Following leaders' introduction of the new behaviour policy, lessons are rarely disrupted by poor behaviour. Pupils understand how the system works and they appreciate the clear boundaries.

For example, they talked about 'going above and beyond' as they strive to live up to leaders' expectations in their classrooms.

Leaders have ensured that staff are well equipped to support the needs of pupils with SEND. Leaders identify pupils' additional needs early and they work closely with a range of external experts.

This is particularly successful in meeting the needs of those pupils with more complex needs. However, weaknesses in how the curriculum is designed and delivered mean that some pupils with SEND do not achieve as well as they should.

Pupils enjoy attending a broad range of extra-curricular clubs.

These include a selection of sports and performing arts clubs. For example, they learn to play the recorder and the ukulele and they take pride in performing to audiences. Pupils spoke about the excitement and sense of achievement they felt when performing at the Winter Gardens in Blackpool.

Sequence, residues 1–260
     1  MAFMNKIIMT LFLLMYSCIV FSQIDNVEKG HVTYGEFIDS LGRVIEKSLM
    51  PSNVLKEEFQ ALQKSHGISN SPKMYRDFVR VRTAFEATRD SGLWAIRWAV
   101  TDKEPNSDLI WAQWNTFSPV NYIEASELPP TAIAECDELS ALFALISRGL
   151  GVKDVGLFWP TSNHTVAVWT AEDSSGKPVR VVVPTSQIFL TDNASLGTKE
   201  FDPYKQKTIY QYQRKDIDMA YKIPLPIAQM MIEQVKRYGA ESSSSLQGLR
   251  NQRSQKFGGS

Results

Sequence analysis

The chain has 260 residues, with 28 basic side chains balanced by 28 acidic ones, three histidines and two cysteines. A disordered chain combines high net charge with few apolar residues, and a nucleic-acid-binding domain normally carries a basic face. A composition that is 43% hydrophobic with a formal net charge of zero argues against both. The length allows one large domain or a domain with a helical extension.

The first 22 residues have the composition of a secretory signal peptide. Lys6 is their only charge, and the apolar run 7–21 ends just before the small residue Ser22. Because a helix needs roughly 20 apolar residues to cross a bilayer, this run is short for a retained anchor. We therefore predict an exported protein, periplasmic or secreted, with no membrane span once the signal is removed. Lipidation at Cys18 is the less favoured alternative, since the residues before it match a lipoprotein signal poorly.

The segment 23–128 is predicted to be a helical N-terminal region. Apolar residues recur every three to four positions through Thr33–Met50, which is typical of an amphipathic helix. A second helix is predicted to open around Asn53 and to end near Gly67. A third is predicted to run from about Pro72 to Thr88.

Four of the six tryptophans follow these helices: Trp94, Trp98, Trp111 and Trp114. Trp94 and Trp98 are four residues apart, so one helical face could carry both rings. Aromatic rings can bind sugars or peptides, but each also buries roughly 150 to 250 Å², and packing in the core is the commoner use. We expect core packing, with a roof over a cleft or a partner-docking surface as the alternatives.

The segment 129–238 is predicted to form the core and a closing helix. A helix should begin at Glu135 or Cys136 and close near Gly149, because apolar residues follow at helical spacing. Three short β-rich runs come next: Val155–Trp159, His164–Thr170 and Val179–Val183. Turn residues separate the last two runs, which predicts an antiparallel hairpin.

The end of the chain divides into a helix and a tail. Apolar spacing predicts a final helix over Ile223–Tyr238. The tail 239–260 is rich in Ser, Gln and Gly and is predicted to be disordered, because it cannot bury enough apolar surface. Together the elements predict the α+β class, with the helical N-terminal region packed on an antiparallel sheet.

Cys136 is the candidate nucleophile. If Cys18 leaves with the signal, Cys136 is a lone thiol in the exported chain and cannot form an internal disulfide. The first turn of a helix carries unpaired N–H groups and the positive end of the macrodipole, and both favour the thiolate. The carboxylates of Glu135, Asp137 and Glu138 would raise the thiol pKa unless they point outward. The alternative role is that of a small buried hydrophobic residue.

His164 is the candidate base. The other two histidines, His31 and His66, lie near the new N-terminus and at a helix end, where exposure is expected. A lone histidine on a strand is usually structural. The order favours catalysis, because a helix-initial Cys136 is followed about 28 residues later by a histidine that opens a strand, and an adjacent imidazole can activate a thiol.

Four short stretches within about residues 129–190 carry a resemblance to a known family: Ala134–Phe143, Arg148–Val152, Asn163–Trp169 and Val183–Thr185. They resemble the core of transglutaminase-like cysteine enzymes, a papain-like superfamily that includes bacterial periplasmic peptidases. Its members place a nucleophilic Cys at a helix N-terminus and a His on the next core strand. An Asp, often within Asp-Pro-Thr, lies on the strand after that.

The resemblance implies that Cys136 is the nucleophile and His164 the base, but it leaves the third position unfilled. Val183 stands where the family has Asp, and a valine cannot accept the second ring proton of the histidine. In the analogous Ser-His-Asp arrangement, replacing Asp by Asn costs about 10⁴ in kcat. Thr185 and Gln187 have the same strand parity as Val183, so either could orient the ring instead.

Pupils learn about the importance of treating everyone fairly. For instance, they have a mature and full understanding of how different families are formed. Pupils care about others and enjoy looking after each other.

Senior leaders have an accurate overview of the improvements to the curriculum that are needed. Governors and leaders are mindful of staff workload. Staff appreciate the improvements made to date, particularly in relation to pupils' behaviour, and they enjoy working at the school.